Helping Smokers Reduce Stress of Poverty Is Key to Quitting
Smoking is more prevalent among those with lower incomes and lower levels of education in Minnesota—partly due to tobacco companies marketing heavily in low-income neighborhoods.
The challenges of poverty cause immense stress in people’s lives, so it’s understandable that for some people quitting smoking can feel like yet another challenge. But learning what smokers experience in their daily lives—as the nonprofit Pillsbury United Communities (PUC) is doing—can offer a path for reducing stress and supporting smokers more compassionately when they are ready to quit.
“Many people in our North Minneapolis community are on the margins of our society because they live in poverty,” observed Adair Mosley, Interim President and CEO of PUC. “Smokers are pushed to the margins even further. So we needed a new approach grounded in the lived experience of tobacco users.”
Beau Sinchai, Pillsbury United Communities’ Design Lead and Project Coordinator, has taken on the job of developing a more effective approach. Her method seeks to better understand smoking from the diverse perspectives of community members, and to uncover powerful cultural insights for improving the organization’s “pro-smokers, anti-smoking” efforts.
PUC is supported in this work as one of eleven recipients of a Tobacco-Free Communities (TFC) grant from the Minnesota Department of Health, a program to reduce and prevent youth commercial tobacco use and to address tobacco-related disparities in Minnesota. The program is part of a growing movement to promote community-driven tobacco prevention and control activities and strategies. To find community-based solutions to reducing tobacco use, PUC is putting people first through a process called human centered design.
Meaningful conversation and storytelling lead to a deeper understanding
“Instead of doing the typical survey questionnaire, we engage community members in conversation through storytelling,” Sinchai said. “We worked with 10 families over the course of the last year, immersing ourselves in their lives and in understanding how they experience smoking and quitting.”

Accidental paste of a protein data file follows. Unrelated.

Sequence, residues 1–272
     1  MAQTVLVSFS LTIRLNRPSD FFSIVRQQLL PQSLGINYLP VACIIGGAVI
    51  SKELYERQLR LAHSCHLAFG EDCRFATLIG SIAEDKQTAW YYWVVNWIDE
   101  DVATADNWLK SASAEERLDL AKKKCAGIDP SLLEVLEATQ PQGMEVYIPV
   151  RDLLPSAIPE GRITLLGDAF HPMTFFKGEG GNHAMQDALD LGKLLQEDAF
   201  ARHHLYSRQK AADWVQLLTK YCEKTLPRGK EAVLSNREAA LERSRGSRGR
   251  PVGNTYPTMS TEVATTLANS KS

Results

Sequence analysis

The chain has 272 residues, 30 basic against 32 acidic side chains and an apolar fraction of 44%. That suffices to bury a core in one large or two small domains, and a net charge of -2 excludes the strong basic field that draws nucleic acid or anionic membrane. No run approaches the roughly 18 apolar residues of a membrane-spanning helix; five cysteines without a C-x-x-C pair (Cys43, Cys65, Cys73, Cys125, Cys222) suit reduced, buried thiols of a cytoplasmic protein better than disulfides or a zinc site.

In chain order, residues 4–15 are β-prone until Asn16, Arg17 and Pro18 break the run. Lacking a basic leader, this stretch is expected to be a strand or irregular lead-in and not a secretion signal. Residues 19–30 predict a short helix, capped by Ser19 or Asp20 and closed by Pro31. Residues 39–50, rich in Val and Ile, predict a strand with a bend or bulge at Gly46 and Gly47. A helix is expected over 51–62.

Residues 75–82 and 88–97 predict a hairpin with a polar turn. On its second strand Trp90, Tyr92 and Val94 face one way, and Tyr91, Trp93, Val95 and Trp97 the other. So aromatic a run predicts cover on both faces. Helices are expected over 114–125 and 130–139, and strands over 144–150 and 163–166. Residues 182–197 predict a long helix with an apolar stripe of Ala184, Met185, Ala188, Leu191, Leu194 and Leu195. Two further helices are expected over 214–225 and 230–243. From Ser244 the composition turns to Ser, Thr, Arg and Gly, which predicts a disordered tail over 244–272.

Sinchai emphasized that the perspective of the smoker is just one of many viewpoints that they wanted to understand. While they asked smokers what influences them to smoke, why they keep smoking, in what settings they smoke, and how smoking affects their family members- spouses, partners, children and friends were also interviewed. “We asked how the actions of smokers are impacting them,” recalled Sinchai, “what they are going through, and how or if they might be participating in the smoking behavior.”
The interviews revealed that, although most of the participants who used tobacco knew about the programs and resources available for quitting, they said their immediate need was for help with the causes of stress that lead them to continue tobacco use. One said that freeing up stress would allow them to concentrate on being a better person who could serve their family and community. Another talked about a lack of support among family and friends when they did attempt to quit, and wished they had someone who would be an ally to encourage them through the process. Insights like these are enabling Pillsbury United Communities to develop videos, presentations, youth programs, and other tools for responding to what people said will help them reduce the use and influence of tobacco in North Minneapolis.
Community transformation made stronger from within
Sinchai says that the human centered design process makes it much easier for people to work together in true cultural collaboration, and leads to more enduring transformation in communities.
“We didn’t come in as the ones who knew all the answers. We came in with a very open mind in search of a deep down understanding,” she explained. “What we felt from people right away was this willingness and openness to participate because we approached them saying we have a question and you are the ones who know the best answer.” Nor does the human centered design process lead to measuring success in a limited way. “Success is going to look different for each person, and for how they define it in their lives.”
Pillsbury United Communities is also doing culturally-informed grassroots organizing around tobacco policies and systems through the legislature and city council.
“We want to use our work as a catalyst for bigger system changes,” said Mosley. “Going forward, we will continue to equitably engage individuals and families because we envision everyone living well in a thriving, healthy community.”
Learn more about Pillsbury United Communities at www.puc-mn.org.
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More stories about community grantees
The Tobacco-Free Communities Grant Program funds local community grants and technical assistance and training grants that aim to reduce and prevent youth tobacco use and address tobacco-related disparities in Minnesota by promoting community-driven tobacco prevention and control activities and strategies.Learn more about the Tobacco-Free Communities Grant Program and read grantee stories feature their work throughout Minnesota communities.